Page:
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Nanotechnology for Treating Cancer: Pitfalls and Bridges on the Path to Nanomedicines

June 8, 2015, by Rachael Crist and Scott McNeil

The word Characterization is represented as a bridge over which every candidate nanomedicine must cross.

Characterization is represented as a bridge over which every candidate nanomedicine must cross. It is essential that the physical, chemical, and biological characteristics of each preparation be assessed to avoid delays in reaching clinical testing. 1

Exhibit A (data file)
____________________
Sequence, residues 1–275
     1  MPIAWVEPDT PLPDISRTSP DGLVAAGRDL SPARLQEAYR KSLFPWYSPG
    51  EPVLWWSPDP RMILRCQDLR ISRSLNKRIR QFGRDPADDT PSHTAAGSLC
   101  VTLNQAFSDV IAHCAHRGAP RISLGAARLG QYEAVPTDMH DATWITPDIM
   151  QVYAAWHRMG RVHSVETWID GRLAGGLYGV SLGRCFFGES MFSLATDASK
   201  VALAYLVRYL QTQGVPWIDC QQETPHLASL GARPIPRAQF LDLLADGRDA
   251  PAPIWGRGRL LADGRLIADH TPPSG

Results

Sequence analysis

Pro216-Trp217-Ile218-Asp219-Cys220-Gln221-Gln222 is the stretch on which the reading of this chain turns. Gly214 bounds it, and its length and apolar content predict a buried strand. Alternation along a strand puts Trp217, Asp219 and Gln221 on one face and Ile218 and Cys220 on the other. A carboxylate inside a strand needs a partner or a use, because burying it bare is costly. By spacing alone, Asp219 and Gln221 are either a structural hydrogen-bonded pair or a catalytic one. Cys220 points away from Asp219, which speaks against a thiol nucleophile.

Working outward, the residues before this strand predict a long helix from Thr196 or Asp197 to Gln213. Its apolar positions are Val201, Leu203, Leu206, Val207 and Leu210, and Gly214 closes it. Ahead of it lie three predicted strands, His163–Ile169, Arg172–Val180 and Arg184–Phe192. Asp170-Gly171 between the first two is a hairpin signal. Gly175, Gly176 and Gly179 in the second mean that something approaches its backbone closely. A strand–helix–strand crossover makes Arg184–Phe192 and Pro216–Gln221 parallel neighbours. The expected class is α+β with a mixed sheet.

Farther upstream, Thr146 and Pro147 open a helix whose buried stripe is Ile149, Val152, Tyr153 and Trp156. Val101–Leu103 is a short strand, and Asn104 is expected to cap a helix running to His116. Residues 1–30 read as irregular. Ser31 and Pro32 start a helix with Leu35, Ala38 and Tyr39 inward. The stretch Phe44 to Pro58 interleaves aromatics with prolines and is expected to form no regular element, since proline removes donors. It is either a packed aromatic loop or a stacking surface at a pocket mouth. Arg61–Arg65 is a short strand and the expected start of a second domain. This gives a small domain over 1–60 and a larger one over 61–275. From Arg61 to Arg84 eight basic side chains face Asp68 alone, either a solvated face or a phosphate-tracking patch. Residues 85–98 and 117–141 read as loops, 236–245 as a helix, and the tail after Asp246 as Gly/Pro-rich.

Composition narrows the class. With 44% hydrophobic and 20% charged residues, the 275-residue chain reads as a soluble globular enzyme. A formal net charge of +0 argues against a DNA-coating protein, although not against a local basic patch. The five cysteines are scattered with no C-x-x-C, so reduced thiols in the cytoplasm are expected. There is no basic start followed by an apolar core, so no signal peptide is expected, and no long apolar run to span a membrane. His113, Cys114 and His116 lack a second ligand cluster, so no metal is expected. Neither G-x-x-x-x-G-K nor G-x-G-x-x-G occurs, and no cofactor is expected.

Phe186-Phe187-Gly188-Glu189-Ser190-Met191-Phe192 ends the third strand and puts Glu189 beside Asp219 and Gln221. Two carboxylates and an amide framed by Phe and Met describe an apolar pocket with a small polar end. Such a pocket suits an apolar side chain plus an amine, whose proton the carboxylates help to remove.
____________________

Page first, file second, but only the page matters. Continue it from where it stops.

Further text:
Editor's note: For more than 30 years cancers caused by oncogenic RAS mutants have resisted direct therapeutic attack.  Using nanomedicines to target RAS-driven cancers at the genomic or RNA level while sparing normal tissues has engaged the imagination of researchers, yet these aspirations have not yet yielded any drugs used in human patients.  As described below, the Nanotechnology Characterization Laboratory (NCL) of the NCI has helped universities, companies, and institutes evaluate hundreds of nanomedicine candidates.  Rachael Crist and Scott McNeil of the NCL summarize the challenges that must be overcome on the path to successful nanomedicines, including those that may someday target mutant RAS.